By Terri Horvath
Got complaints about today’s road conditions? It could be worse – much worse – like Michigan Road in 1914. The year marked a formal agreement between 20 Zionsville citizens and Carl G. Fisher, one of the Indianapolis Motor Speedway’s founders, to help build a passable road to be eventually known as the Dixie Highway. The route is now known as Michigan Road.
At the time, the dirt road was similar to most country lanes in the United States. Rain quickly turned country roads into thigh-deep mud ruts, making travel extremely difficult. Many automobile drivers had to enlist the aid of a nearby horse team to extract them from the quagmire.
Fisher foresaw that the improvement of country roads directly affected the popularity of auto ownership. Good roads were need for auto travel.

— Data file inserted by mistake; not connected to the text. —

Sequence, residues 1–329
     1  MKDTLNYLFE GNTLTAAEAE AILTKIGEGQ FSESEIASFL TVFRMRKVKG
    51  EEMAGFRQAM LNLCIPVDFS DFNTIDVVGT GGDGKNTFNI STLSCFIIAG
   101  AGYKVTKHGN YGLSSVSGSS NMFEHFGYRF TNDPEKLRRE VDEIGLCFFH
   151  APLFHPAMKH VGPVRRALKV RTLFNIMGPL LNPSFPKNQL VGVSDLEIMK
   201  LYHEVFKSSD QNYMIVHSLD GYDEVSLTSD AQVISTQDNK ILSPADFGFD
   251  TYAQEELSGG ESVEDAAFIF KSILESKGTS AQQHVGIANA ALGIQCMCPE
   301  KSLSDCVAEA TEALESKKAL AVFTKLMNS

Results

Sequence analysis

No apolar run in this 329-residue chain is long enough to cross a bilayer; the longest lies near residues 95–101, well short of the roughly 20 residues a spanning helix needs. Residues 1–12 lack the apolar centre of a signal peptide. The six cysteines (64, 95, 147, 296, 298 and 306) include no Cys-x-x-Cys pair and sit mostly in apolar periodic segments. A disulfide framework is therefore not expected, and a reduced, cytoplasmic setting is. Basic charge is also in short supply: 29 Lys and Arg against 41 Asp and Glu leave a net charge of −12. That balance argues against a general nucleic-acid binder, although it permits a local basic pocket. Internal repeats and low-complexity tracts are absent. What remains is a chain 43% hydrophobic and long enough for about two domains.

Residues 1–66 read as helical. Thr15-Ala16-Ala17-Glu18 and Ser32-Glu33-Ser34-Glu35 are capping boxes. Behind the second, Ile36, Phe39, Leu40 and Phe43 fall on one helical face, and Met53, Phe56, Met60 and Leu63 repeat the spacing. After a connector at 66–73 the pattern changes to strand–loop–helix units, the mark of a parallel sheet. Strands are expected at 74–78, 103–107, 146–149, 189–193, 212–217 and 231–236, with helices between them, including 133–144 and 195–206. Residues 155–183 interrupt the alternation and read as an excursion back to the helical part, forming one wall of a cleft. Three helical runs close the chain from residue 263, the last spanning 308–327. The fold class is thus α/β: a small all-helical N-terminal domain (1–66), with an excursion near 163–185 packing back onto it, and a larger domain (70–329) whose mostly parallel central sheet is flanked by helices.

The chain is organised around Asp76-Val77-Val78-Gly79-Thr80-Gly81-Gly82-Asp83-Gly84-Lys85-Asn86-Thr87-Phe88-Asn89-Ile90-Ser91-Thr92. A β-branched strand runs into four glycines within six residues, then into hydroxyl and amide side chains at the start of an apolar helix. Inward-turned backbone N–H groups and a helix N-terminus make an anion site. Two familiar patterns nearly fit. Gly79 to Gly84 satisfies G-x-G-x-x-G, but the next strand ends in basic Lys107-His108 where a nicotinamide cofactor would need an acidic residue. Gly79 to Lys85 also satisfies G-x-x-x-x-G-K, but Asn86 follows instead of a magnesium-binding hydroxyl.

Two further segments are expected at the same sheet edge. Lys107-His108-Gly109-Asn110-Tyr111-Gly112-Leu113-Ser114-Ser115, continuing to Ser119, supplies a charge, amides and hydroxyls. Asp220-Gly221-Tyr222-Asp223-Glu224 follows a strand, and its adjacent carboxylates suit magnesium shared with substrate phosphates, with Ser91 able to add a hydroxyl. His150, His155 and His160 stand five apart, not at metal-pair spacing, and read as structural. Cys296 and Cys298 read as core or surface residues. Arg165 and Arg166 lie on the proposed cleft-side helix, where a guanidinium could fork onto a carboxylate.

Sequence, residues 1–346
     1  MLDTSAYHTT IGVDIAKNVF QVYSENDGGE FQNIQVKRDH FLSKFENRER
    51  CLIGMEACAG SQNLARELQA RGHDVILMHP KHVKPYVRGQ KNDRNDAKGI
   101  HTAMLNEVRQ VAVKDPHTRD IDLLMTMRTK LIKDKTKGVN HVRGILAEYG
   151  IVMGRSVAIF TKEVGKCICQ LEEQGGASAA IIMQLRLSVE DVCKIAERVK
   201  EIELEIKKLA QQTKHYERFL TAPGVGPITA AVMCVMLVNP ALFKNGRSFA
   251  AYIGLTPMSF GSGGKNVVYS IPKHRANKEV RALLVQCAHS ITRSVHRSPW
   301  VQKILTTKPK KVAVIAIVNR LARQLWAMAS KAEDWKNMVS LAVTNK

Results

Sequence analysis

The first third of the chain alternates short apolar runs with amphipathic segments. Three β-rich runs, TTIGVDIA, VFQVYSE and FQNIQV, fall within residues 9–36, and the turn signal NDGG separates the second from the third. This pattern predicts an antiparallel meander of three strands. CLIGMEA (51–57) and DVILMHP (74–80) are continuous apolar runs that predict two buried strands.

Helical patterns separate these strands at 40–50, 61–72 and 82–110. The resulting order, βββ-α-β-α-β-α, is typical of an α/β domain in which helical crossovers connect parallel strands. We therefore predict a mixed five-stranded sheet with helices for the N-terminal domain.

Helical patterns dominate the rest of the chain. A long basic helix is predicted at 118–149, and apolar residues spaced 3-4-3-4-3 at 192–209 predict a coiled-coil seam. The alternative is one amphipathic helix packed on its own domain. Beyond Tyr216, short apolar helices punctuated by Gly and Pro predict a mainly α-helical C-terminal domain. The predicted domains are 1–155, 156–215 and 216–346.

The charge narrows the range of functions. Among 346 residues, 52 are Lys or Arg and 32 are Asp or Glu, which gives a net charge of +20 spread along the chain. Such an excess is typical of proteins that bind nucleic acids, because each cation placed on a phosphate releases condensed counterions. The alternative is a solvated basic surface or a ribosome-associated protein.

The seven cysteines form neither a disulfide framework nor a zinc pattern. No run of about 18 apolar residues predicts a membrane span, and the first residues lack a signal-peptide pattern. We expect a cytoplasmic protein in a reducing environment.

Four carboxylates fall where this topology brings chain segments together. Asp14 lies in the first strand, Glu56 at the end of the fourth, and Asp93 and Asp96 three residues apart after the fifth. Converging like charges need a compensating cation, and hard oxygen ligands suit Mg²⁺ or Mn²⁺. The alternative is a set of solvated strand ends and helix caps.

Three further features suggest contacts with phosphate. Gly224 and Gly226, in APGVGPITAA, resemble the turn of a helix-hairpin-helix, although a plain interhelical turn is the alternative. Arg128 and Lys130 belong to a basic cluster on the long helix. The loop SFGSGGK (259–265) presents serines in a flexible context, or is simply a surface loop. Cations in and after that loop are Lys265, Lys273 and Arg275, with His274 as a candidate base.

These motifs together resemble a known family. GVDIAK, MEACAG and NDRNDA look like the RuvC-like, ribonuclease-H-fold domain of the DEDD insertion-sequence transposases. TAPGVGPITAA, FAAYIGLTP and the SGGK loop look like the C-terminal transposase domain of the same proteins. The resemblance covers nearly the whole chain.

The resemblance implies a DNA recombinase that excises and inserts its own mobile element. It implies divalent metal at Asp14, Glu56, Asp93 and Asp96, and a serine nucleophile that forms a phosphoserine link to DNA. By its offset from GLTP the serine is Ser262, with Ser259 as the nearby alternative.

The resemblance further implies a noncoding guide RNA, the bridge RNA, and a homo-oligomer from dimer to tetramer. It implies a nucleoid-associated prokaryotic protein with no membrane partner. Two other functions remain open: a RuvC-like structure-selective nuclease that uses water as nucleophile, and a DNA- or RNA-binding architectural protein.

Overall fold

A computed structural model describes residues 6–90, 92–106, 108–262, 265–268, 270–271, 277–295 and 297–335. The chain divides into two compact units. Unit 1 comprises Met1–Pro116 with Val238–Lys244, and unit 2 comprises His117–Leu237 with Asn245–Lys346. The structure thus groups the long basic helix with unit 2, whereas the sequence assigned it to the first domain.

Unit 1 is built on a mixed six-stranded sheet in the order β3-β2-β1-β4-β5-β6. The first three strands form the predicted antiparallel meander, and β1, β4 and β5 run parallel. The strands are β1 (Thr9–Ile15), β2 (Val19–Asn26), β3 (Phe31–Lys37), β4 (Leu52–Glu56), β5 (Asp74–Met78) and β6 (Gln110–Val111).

After getting the commitment from Zionsville residents, and hundreds in other communities, Fisher led the formation of the Dixie Highway Association in 1915. The objective was to raise funds to develop a passable route from Chicago, Ill., to Miami, Fla. In Zionsville, Fisher had the commitment of 20 citizens and automobile owners to furnish teams and laborers for free. These Zionsville volunteers spent a full day placing gravel on the road to bring Michigan Road up to Fisher’s and the association’s standards.
Fisher’s idea was to use as many decent byways as possible, such as Michigan Road, and improve them for auto travel. These routes were then linked to form the mega-route known as the Dixie Highway running north and south.
Sometime after 1925, the designation of Dixie Highway was replaced by federally marked routes. The Zionsville stretch received the designation of U.S. 421. Yet, we still recall its history as a major north-south route and commonly refer to it as Michigan Road.